As a VAR, MSP, cloud broker/service provider (or whatever new term your channel company goes by), you’re probably well aware that your customers are using various unauthorized cloud services. With the consumerization of IT comes the downloading of ‘freemium’ cloud offerings. Have a file you need to send to a prospect, client, or partner right away, but it’s too big for email? Put it in whatever free cloud service you use at home, give the recipient access to the folder, and problem solved.
After reading the 2013 Cloud Adoption & Risk Report put out by Skyhigh Networks, which was based on data from more than 3 million enterprise users, I wasn’t surprised to discover that the above scenario is a reality for just about every business. What I was surprised to find out is that according to the study the average enterprise uses 19 different file sharing and collaboration services. Not 1.9, but 19! Even if your customers aren’t in highly regulated industries such as banking, finance, healthcare, or legal services this raises a couple of obvious concerns:
What kind of files/data are being stored in unauthorized cloud data centers? Not only is there a good chance that the passwords being used to protect company data aren’t adequate, and they’re not being updated on a regular basis, but how does the business owner ensure that data doesn’t leave the organization if an employee using the cloud service leaves the company?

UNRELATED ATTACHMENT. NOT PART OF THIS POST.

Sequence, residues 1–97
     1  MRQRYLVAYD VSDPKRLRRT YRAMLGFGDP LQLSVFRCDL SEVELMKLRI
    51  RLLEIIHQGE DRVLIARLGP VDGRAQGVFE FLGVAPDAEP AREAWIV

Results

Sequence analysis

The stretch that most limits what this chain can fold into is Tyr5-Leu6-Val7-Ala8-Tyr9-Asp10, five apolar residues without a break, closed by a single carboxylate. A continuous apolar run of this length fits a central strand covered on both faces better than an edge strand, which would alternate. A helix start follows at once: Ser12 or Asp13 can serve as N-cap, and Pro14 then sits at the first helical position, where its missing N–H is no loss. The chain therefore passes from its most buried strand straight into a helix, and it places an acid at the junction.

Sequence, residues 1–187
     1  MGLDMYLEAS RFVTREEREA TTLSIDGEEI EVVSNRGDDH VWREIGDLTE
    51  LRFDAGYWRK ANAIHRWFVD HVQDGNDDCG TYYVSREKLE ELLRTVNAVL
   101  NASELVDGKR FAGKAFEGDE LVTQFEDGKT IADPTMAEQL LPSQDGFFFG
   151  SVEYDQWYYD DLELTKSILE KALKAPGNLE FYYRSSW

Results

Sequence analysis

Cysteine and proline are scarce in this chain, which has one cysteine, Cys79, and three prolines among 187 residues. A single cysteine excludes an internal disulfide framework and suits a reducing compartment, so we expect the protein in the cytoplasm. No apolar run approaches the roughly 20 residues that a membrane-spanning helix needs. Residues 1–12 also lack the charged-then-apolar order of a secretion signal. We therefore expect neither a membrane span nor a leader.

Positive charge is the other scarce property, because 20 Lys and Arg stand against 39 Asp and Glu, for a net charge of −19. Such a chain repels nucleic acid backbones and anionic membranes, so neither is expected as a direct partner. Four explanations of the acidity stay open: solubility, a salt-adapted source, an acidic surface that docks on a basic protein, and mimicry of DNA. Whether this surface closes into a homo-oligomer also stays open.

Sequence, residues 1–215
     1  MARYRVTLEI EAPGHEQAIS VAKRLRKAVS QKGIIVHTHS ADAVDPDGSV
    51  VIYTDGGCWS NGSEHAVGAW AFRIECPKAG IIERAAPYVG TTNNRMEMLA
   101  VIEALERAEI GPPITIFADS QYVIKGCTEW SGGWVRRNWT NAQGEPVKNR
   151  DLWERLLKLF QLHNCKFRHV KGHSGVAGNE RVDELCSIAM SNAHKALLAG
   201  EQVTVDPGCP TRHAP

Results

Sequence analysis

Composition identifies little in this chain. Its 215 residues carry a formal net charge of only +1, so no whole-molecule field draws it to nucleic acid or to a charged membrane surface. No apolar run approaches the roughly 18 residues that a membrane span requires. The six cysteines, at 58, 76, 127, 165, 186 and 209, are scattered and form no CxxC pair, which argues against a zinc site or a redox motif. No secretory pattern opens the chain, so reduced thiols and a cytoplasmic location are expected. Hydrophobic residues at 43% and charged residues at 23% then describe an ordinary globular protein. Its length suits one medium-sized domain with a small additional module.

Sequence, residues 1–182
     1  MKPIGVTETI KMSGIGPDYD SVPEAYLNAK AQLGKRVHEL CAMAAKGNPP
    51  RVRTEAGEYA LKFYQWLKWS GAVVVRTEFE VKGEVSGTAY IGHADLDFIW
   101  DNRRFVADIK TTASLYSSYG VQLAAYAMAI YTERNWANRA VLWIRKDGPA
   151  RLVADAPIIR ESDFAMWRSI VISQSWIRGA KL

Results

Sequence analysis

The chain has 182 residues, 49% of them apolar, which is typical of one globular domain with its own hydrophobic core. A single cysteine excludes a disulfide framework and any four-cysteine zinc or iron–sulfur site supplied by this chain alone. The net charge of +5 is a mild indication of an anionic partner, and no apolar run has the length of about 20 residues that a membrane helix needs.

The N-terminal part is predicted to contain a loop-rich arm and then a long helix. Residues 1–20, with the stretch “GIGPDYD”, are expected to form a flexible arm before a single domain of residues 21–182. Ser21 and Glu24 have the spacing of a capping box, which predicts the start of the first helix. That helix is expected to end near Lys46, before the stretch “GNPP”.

Misuse of the cloud creates data silos. One of the problems the cloud is supposed to solve for your customers is the problem of data silos. By centralizing applications and servers in a single (or at least unified) cloud platform, this type of collaboration can be achieved. Using multiple cloud platforms takes away this benefit and creates chaos. As Kamal Shah, VP of products and marketing at Skyhigh Networks says in his latest blog, A New Business Case for “Why IT Matters” in the Cloud Era:
Consider a cross-functional team tasked with working on Project Launchpad. At the kick-off meeting, they agree to use a file sharing site for the project. The marketing team recommends DropBox, the engineering team recommends Hightail, the customer service team recommends Box, the finance team recommends Egnyte, and so on. Now add multiple projects and keep track of which projects are in which file sharing service and you can see what a problem it becomes for the individual and the organization as a whole.
So, if you find yourself running up against objections to the price of your enterprise-class cloud offering compared with the freemium cloud platforms your prospective client is probably already using, it’s best to just concede with them on that point and then tactfully turn the conversation toward all the ways that standardizing on one platform offers enough business benefits that not even 19 cloud silos can compete with.